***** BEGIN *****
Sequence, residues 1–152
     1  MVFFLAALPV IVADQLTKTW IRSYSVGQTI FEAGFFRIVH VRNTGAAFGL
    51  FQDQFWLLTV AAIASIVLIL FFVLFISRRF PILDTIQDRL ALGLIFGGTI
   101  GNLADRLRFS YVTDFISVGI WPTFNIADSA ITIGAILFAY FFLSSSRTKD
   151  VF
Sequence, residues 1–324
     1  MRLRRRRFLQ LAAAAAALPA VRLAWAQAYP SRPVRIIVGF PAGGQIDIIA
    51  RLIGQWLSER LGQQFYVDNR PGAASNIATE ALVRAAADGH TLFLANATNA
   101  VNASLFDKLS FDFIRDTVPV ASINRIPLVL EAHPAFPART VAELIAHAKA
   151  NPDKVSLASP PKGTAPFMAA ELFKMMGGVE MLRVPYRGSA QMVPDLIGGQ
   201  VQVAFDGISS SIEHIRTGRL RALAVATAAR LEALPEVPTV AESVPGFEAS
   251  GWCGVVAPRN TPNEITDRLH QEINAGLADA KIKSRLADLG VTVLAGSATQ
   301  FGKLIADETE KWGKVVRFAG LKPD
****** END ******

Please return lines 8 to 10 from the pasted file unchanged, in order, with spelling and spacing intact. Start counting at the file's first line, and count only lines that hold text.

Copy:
    51  RLIGQWLSER LGQQFYVDNR PGAASNIATE ALVRAAADGH TLFLANATNA
   101  VNASLFDKLS FDFIRDTVPV ASINRIPLVL EAHPAFPART VAELIAHAKA
   151  NPDKVSLASP PKGTAPFMAA ELFKMMGGVE MLRVPYRGSA QMVPDLIGGQ